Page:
Incentives and Pressures – Innovation

National demand and Competitive Rivalry:

Patterns of national demands: Those concerned to explain international patterns of innovative activities have long recognized the important influence of local demand and price conditions on patterns of innovation in local firms. Strong local demand pull for certain types of products generates innovation opportunities for local firms, especially when the demand depends on face to face interactions with customers.

In the Table we study the main factors that influence local demands for innovation and give some examples.

Factors influencing national demands for innovations:

Local buyers’ tastes>>>

1) Quality food and clothing in France and Italy
2) Reliable machinery in Germany.

Private investment activities:

1) Automobile and other downstream investments stimulating innovation in computer aided design and robots in Japan, Italy, Sweden and Germany.

Public Investment activities:

1) Railways in France.
2) Medical instruments in Sweden
3) Coal mining machinery in the UK ( < 1979).

Input prices:

1) Labor saving innovation in the USA
2) Europe – USA differences in automobile technology.
3) Environmental technology in Scandinavia
4) Synthetic fertilizers in Germany.

Local natural resources

1) Innovations in oil and gas mineral ores, and food and agriculture in North America, Scandinavia and Australia.

In addition to the obvious examples of local buyers tastes we identify:

Local (private and public) investment activities create innovative opportunities for local suppliers of machinery and production inputs where competence is accumulated mainly through experience in designing building and operating machinery.

Local production inputs prices, where international differences can help generate very different pressures for innovation (e.g. the effects of different petrol prices on the design and related competencies in automobile in the USA and Europe). High prices can also generate pressure for substitute products, like synthetic fertilizers in Germany at the beginning of the twentieth century.

Local natural resources which create opportunities for innovation in both upstream extraction and downstream processing.

A more subtle but increasing significant influence is the role of social concerns and pressure about the environment safety and governance. For example, nuclear power as a technological innovation has evolved in very different ways in countries like the USA, UK, France and Japan. Similarly innovation in genetically modified crops and foods has taken radically different paths in the USA and Europe mainly due to public concerns and pressure.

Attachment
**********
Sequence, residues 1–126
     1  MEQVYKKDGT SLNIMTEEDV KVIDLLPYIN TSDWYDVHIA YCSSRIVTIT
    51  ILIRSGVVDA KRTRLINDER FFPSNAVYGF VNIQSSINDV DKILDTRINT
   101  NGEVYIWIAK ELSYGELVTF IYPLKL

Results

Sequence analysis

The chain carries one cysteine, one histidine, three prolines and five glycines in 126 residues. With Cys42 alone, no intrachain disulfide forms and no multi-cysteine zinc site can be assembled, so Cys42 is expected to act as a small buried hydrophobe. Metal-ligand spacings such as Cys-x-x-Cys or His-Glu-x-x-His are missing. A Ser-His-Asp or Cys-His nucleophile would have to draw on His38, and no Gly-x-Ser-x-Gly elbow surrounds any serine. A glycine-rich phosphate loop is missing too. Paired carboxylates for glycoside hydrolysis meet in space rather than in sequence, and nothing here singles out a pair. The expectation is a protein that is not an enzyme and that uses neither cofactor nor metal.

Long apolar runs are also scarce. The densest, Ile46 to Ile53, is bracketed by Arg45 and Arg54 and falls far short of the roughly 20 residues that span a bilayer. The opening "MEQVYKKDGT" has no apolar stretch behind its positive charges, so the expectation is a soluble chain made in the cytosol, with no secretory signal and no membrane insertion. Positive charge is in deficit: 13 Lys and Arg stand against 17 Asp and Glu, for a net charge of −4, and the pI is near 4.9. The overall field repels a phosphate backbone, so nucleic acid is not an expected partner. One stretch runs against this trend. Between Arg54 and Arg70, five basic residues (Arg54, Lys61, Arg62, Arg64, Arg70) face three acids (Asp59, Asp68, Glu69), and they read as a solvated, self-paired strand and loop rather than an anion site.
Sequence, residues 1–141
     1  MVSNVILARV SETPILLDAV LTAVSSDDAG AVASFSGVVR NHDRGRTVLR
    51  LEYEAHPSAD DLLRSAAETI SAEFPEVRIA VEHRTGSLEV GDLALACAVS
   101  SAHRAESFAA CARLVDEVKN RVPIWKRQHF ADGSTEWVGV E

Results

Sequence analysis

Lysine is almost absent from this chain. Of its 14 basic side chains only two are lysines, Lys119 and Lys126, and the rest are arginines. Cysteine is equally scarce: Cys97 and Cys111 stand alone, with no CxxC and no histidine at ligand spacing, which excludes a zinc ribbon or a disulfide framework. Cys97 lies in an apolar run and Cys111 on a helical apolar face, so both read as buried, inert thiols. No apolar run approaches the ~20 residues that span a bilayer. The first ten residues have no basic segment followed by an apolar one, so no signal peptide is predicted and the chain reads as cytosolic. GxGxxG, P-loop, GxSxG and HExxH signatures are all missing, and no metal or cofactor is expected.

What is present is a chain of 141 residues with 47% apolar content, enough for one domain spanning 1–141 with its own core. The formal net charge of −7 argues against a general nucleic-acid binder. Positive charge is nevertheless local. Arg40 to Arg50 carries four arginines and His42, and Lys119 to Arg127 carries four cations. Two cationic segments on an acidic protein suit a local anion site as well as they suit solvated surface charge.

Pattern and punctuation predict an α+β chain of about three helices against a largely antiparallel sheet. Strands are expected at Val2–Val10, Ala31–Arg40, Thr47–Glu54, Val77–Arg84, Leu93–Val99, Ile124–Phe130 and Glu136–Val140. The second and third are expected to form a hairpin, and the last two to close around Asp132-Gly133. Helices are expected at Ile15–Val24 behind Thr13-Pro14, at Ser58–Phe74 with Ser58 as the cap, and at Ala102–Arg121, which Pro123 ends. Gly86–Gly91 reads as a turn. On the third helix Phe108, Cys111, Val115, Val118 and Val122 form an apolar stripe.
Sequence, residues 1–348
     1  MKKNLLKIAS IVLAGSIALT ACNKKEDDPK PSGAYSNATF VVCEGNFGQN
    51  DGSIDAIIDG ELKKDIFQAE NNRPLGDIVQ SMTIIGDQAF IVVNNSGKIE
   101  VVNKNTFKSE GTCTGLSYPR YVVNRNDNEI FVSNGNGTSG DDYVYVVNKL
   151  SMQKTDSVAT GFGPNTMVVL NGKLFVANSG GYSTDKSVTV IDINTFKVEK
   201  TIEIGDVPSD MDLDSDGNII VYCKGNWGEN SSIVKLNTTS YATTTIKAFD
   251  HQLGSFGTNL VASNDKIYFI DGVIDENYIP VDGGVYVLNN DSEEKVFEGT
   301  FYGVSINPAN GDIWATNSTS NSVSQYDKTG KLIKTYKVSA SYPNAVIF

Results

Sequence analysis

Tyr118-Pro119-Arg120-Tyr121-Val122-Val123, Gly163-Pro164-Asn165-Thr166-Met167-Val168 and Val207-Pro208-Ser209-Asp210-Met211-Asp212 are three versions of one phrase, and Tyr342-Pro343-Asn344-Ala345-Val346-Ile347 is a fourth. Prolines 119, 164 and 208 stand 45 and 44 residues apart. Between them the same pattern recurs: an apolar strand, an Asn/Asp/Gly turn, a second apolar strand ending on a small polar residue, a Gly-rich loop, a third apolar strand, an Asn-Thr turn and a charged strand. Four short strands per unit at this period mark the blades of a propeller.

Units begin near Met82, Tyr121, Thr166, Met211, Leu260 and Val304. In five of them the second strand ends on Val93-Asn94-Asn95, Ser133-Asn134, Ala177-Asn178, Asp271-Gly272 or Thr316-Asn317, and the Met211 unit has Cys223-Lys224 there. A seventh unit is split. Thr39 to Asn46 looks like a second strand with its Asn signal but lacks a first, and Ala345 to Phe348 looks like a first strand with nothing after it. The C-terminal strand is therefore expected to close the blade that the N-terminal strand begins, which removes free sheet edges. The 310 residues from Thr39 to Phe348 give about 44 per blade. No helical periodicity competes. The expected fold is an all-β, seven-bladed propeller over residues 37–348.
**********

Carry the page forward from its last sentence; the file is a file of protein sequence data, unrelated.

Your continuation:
Competitive rivalry:

Innovation is always difficult and often upsetting to established interests and habits so that local demands by themselves do not create the necessary conditions for innovation. Both case studies and statistical analysis show that competitive rivalry stimulates firms to invest in innovation and change since their very existence will be threatened if they do not. A comparison by Lacey Thomas of public policies towards the pharmaceutical industries in Britain and France has shown that the former was more successful in creating a demanding local competitive environment conducive to the emergence of British firms amongst the world leaders. German strength in chemicals is based on three large and technologically dynamic firms BASF, Bayer and Hoechst rather than on one super large firms. Japanese strength in consumer electronics is based on numerous technologically active firms rather than a few giants. Relatively smaller size also reduces the severity of the task of management maintain corporate entrepreneurship. This is because managers can spend more time familiarizing themselves with the innovative potentialities of the various businesses and can thereby see the dangers of managing divisions purely through financial indicators.

Thus although corporate policy makers in large firms might often be tempted in the short term to avoid strong competition — and to reap extra monopoly profits – by merging with their competitors the long term costs could be considerable. Public policy makers should be persuaded by the evidence that creating gigantic firms does not increase innovation quite the contrary and therefore take countervailing measures. Lack of competitive rivalry makes firms less fit to compete on global markets through innovation.

Source: Managing Innovation